January 19, 2010 | | Comments 1
Print This Post
Email This Post

How goeth your respirator fit-testing?

While it does appear that a bullet was dodged when the supremacy of the N-95 respirators in regards to managing staff exposures to H1N1 wasn’t quite roundly validated, the thought did occur to me that there are a number of other practical applications for that class of personal protective equipment (PPE).

And it all brought me back (as it somehow always does) to the whole challenge of fit-testing folks who fall into the appropriate risk categories.

Are folks out there chasing everyone at risk? Are you doing just-in-time fit-testing (a difficult one to pull off, I suspect, but mayhaps)? Or perhaps you’ve gone the route of PAPRs?

I don’t think this one’s going to go away any time soon, but if anyone has some nifty strategy they wouldn’t mind sharing with the safety clans (and I realize that I’m presuming to speak for all the clans – though I’ve not painted my face blue), we are all ears!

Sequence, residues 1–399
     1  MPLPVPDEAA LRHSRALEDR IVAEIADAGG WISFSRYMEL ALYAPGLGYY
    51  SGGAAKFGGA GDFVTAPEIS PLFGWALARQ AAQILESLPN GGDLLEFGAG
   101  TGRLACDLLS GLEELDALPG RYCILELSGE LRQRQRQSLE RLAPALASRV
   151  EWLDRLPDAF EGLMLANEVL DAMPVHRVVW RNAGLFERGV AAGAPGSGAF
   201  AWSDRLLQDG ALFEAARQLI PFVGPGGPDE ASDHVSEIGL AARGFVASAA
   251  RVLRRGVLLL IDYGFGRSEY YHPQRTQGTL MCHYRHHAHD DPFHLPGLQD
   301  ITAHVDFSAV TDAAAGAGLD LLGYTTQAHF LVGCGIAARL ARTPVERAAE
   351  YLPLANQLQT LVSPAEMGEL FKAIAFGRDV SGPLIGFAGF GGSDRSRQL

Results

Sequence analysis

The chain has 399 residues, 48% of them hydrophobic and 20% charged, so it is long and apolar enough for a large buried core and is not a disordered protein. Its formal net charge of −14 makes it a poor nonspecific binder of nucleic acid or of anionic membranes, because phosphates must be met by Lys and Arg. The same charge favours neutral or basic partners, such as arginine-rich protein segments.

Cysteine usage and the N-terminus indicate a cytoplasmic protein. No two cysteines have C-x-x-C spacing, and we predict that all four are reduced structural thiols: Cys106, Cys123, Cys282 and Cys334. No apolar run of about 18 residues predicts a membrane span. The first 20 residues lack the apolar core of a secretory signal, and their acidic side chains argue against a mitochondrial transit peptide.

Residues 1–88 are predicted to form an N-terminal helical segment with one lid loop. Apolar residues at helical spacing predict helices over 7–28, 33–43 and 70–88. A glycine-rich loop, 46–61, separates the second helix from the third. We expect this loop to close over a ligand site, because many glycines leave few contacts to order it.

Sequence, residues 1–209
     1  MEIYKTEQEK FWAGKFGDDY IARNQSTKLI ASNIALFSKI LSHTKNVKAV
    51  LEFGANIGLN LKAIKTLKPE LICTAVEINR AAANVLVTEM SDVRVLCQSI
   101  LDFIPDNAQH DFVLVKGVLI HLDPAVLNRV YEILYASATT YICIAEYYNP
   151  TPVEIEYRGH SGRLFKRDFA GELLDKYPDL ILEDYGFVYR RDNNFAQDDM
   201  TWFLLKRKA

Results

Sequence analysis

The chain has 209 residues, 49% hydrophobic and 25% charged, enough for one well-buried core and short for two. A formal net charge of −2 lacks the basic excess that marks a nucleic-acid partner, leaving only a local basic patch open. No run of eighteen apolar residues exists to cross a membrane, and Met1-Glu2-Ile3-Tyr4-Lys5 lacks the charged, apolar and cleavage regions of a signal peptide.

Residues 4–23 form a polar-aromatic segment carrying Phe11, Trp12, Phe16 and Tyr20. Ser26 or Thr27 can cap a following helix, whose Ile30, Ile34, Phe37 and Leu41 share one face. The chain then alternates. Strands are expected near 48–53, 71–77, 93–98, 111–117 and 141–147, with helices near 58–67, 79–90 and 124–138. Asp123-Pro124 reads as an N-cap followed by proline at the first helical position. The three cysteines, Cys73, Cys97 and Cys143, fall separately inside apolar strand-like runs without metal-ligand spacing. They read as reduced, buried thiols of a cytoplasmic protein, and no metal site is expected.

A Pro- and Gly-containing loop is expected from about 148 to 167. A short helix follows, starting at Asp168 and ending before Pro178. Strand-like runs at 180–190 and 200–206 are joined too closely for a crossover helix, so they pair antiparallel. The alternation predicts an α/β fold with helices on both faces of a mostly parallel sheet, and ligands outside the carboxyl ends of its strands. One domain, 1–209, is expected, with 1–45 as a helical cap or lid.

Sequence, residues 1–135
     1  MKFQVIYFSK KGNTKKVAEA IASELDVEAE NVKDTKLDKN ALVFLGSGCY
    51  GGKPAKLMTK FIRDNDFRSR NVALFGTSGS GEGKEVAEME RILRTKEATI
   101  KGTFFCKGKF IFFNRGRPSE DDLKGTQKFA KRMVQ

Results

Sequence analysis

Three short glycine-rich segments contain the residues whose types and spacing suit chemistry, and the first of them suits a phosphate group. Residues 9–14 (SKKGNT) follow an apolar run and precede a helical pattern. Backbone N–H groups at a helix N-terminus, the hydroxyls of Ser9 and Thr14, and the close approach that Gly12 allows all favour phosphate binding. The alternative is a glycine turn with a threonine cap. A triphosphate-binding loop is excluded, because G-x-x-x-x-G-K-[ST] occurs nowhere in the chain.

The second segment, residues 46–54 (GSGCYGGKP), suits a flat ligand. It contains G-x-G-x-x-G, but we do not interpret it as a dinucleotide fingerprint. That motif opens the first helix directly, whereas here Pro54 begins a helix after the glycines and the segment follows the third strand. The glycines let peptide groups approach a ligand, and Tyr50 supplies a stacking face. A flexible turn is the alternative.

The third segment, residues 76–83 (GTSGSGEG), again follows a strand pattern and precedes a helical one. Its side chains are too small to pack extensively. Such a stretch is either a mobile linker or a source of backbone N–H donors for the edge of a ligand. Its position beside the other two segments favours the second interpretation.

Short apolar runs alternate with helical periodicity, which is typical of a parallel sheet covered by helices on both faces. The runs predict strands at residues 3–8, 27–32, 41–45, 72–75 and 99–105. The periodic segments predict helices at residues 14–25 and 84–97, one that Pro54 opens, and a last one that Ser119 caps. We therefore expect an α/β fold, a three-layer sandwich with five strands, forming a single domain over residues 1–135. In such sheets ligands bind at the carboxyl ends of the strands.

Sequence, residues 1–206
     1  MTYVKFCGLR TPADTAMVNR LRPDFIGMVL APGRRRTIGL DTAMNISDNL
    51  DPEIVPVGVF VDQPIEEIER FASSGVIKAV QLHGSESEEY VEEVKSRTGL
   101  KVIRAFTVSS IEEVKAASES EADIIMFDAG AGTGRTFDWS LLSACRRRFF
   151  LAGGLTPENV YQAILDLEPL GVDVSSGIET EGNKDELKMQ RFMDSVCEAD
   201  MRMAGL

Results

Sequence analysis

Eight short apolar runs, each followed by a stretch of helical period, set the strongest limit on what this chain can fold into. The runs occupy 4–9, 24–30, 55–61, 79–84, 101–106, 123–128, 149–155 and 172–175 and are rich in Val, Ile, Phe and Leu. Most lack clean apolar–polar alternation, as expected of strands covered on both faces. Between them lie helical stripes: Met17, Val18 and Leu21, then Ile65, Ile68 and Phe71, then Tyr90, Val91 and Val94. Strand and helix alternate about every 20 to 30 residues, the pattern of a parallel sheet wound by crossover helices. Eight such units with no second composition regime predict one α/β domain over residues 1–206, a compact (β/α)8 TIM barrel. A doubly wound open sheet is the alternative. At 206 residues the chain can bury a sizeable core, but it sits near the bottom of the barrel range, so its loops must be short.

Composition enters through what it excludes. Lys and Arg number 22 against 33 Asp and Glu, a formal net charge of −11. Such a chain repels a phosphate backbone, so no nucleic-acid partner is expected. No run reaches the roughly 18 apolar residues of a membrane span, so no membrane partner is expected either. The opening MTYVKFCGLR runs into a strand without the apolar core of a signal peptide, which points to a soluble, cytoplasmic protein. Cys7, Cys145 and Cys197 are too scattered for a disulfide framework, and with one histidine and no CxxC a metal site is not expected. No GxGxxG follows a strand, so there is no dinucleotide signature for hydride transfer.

Or indeed, if anyone has surmounted (or is still stuck behind) some knotty circumstances, you also have valuable intelligence on this one that we can all learn from. You can comment in the box below.

Entry Information

Filed Under: CDC/infection controlEmergency managementOSHA

Tags:

Steve MacArthur About the Author: Steve MacArthur is a safety consultant with The Greeley Company in Danvers, Mass. He brings more than 30 years of healthcare management and consulting experience to his work with hospitals, physician offices, and ambulatory care facilities across the country. He is the author of HCPro's Hospital Safety Director's Handbook and is contributing editor for Briefings on Hospital Safety. Contact Steve at stevemacsafetyspace@gmail.com.

RSSComments: 1  |  Post a Comment  |  Trackback URL

  1. We switched to using the MaxAir system. No fit testing required! (It’s a positive pressure system vs. a negative pressure system.) Everyone is able to easily use it. Our staff realizes and appreciates that this is better protection than an N-95. It is alway there when needed. We are very happy with it. Ruth S.

RSSPost a Comment  |  Trackback URL

*